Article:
Understanding Philosophies – Part 12 and  Advaita philosophy - Part 3.

“Understanding the Soul”, as a statement is extremely simple, but, in practice, it faces a lot of impediments. Though the process of realizing the Self is the easiest process that one can think of, we make the process complicated due to inadequate or imperfect spiritual knowledge. If one begins to pursue the spiritual path, a song, a hymn, recitation of His names, etc could trigger emotional outbursts in the forms of tears, bliss and even unannounced trance. Spiritual path is totally different from religious pursuits. In the case of spiritual path, there are only two entities involved; the pursuer and the Pursued. There is nothing more than these two, including time, space, place, flowers, lamps, incense, offerings, etc. Spiritual pursuit happens only through the mind and nothing else is involved. While pursuing spiritual path, all the sensory organs have to be shut, so that the inputs from them do not reach the mind, as only in the mind, process of realization begins. Though it may appear to be difficult, yet it is entirely possible and perfection can be achieved only through regular practice. In the initial stages one should try to focus within. The first stage of practice is to cut off sensory inputs to the mind. Only if one attains perfection here, he can advance effectively. Otherwise, meditation will not serve any purpose. Only through proper meditation, one can understand the essence of Advaita philosophy “Brahman is universe and universe is Brahman”. But meditation is made as complicated word today. It is nothing but one’s ability to focus his awareness. Later in this series, awareness, which is also known as consciousness will be discussed. But it is useful to know, that Brahman is Pure Consciousness.

Advaita says that Brahman prevails everywhere and all that exists in the world is Brahman. This statement is to be pondered over repeatedly and in the process there are two hurdles that will come up as impediments. The first hurdle that we come across is bunch of fundamental doubts. Without clearing these fundaments doubts, one cannot proceed further. Mere meditation will not serve any useful purpose in realization. The most important teaching of Advaita is omnipresence of Brahman. This means that we see Him daily all over, in various shapes and forms. Are we following this basic concept of Advaita? No, surely not. We only look at the shapes and forms, and not at the seed of these bodies. The seed of all these bodies is Brahman. Different bodies such as causal, subtle and gross bodies are built around this seed known as the Self. The seed and Self are always the same. The Self does not vary according to shapes and forms. The Self does not have any attributes.  But what makes us to view His manifestation in different forms, as different from our own selves? This is ignorance or illusion known as māyā.  Māyā is also Brahman; it is one of His creative powers and part of His omnipresence. Like Him, māyā also prevails everywhere. This cannot be separated from our life and will continue to play a vital role, like His power. It is part of His power. His power cannot be separated from Him, hence māyā is also omnipresent. Māyā is His play and is an integral part of His creation and sustenance. It is the tool used by Him to assess the worth of individuals. It is His test on us for evaluating us. We have to pass this test and this is the first phase in spirituality. This is obviously the first hurdle in realizing Him. Not everyone gets doctorates and masters. Such qualifications depend upon one’s capability and perseverance. The same concept applies to realization. One may ask that when He is only a witness to all our actions, how He can evaluate us? The answer is that, He only evaluates us and does not make us to do this act or that act. He does not have likes and dislikes.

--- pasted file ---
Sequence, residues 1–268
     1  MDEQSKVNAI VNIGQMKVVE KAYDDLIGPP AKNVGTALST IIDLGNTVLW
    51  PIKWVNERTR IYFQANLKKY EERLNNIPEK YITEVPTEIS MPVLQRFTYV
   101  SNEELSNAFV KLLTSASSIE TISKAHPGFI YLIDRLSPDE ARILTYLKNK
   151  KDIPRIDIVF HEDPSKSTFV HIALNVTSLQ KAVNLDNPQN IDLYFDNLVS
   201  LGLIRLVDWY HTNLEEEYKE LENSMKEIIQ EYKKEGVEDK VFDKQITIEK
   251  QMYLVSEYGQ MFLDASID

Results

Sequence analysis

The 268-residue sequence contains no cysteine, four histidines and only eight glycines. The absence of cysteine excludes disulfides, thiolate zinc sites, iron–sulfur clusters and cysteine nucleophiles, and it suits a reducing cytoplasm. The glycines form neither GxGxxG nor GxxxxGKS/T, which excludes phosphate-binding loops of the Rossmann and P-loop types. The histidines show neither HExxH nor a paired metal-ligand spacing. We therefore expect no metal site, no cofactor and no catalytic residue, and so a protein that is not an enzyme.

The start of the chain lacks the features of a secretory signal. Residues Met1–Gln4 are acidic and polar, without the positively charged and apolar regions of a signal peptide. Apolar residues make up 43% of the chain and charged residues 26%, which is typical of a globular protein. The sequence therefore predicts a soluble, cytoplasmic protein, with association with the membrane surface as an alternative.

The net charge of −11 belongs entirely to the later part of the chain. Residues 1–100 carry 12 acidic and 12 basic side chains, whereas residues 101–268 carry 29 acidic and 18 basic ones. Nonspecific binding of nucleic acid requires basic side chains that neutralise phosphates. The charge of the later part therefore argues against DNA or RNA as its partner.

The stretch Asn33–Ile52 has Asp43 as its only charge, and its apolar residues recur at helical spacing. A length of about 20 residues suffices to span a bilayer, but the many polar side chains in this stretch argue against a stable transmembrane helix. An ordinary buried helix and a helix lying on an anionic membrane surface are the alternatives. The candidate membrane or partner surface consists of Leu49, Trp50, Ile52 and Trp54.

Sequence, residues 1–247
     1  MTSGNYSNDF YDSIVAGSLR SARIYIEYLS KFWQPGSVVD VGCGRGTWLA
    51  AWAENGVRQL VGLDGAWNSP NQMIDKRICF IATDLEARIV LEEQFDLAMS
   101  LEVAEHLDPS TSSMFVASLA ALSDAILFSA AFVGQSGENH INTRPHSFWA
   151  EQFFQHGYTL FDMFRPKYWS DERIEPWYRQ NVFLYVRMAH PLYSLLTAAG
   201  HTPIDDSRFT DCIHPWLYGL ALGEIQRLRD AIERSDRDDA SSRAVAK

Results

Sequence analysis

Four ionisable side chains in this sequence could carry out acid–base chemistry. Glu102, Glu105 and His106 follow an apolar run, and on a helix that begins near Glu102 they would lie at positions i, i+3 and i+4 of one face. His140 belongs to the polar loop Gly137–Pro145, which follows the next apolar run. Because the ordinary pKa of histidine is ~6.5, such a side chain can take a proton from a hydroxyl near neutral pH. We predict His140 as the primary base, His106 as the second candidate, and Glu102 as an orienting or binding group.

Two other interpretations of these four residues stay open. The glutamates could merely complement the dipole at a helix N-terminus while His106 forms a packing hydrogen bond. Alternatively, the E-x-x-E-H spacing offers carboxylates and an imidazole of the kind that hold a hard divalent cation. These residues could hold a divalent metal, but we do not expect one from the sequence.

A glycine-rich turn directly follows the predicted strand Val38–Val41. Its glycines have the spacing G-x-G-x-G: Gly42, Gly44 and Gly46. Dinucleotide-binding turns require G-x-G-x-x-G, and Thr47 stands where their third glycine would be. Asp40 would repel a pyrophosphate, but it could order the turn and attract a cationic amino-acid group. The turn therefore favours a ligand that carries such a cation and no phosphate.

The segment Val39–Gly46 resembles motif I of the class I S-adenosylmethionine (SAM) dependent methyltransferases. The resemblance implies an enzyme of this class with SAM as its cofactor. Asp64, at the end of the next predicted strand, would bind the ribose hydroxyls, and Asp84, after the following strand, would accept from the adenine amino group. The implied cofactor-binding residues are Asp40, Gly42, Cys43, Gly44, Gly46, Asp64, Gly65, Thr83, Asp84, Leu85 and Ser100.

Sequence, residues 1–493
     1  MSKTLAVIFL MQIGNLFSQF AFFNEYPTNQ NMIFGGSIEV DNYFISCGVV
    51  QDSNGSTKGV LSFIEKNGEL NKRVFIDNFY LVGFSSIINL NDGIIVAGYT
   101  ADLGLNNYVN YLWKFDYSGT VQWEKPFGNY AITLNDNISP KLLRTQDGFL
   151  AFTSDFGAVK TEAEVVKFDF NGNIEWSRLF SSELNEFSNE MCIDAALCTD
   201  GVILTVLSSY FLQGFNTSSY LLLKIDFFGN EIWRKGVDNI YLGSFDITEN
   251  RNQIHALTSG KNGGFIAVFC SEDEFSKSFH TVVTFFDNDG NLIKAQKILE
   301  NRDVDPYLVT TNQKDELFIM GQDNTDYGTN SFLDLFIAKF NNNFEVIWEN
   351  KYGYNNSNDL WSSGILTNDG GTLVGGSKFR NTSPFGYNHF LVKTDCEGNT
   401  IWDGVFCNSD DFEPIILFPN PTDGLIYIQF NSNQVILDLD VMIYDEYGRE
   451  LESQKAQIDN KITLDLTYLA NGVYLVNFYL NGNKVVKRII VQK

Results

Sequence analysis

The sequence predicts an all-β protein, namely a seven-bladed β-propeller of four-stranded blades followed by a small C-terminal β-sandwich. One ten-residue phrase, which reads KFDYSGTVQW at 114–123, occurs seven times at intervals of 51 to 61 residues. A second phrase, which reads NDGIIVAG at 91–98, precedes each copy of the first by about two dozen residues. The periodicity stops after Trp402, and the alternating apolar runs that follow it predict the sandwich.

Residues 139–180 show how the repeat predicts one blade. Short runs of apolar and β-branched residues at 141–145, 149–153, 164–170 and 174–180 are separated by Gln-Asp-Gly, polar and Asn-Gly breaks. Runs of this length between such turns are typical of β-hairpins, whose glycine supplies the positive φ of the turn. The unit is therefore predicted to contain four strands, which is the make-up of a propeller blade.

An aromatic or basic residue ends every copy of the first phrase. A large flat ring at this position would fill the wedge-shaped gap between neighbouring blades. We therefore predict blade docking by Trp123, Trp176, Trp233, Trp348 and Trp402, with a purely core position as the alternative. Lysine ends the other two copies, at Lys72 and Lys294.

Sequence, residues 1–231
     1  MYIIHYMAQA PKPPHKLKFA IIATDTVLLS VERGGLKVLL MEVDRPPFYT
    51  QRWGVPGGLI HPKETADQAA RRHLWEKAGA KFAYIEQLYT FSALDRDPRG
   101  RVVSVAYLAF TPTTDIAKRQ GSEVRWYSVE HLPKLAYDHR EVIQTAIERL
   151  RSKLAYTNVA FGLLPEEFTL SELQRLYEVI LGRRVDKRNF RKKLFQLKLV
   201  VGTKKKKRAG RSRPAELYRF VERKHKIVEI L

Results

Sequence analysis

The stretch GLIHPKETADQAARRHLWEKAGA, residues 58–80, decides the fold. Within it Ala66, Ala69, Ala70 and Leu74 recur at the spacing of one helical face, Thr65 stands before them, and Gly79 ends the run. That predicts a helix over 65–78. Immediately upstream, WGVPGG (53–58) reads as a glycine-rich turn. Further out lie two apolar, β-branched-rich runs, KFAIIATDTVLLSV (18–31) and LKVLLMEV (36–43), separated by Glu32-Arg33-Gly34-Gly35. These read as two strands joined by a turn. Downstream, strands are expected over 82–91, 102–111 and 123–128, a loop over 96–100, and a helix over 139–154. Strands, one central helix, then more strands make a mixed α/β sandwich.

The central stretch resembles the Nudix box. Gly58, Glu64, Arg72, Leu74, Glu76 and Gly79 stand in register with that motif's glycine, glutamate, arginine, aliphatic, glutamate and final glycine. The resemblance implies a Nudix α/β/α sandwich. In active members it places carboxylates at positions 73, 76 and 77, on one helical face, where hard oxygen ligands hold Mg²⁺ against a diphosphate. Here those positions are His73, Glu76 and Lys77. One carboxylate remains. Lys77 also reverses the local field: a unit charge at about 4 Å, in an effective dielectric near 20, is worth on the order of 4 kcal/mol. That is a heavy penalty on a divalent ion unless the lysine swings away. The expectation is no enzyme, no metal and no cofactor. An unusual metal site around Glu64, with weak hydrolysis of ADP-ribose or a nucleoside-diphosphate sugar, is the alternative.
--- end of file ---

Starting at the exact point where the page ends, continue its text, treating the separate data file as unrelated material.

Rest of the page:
Māyā has to be transcended in two stages. First stage is to understand our own selves and the second stage is to understand the world in which we live. Universe is too big a term to mention here. When we understand us perfectly, reaching the second stage is not difficult, because it is only multiplication of our self with infinity.  Brahman is the cause for our existence and He is within and without Him inside, we know that we will die. Therefore, we know that there is a force within us that makes our living possible. Our body is like a balloon. If the body is a balloon, then the air inside the balloon is Brahman. The cause for the existence of the balloon in an expanded form is the air within. In the same way, Brahman is the cause for our existence. If He moves out of our body, we cease to exist; we die. Our basic misapprehension is, considering our gross body as supreme or primary. In other words, we attach more importance to the effect (body) rather than the cause (Brahman). This does not mean that one should not attach importance to his body. Body is like a temple where He is seated. Body is to be kept clean, as it is holding Him within. When we visit a temple, what do we do? We go to the sanctum sanctorum to see the idol and in the process we do not attach importance to the surroundings of the temple. At the same time, when the surroundings of the temple are not tidy, we notice the untidiness and frown. The difference between the Soul within and the gross body is the difference between the presiding deity of the temple and its surroundings. Only to this extent, body is to be given importance.